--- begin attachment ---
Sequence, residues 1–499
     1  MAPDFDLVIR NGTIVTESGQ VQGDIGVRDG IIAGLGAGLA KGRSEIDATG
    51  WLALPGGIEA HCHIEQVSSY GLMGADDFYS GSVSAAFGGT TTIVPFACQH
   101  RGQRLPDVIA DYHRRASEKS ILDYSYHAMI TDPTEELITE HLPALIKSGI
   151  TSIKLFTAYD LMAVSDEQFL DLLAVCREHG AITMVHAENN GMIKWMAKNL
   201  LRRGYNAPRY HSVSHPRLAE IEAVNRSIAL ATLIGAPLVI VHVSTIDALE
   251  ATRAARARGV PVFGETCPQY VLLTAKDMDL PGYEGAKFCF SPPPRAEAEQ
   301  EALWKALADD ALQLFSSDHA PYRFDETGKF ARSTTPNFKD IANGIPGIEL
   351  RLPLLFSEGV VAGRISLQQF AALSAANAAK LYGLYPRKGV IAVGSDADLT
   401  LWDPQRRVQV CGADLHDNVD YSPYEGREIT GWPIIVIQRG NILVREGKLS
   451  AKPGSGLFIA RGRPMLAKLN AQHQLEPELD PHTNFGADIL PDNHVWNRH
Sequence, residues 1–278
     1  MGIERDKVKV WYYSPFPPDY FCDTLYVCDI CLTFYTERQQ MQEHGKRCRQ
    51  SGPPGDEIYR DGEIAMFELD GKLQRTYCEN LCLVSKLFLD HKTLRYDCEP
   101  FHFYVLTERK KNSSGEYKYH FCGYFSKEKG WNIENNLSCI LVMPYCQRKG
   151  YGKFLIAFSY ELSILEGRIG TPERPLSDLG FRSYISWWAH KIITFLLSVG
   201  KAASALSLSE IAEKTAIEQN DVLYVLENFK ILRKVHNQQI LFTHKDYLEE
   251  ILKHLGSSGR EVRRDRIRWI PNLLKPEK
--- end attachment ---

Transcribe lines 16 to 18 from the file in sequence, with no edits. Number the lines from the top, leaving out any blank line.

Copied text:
   151  YGKFLIAFSY ELSILEGRIG TPERPLSDLG FRSYISWWAH KIITFLLSVG
   201  KAASALSLSE IAEKTAIEQN DVLYVLENFK ILRKVHNQQI LFTHKDYLEE
   251  ILKHLGSSGR EVRRDRIRWI PNLLKPEK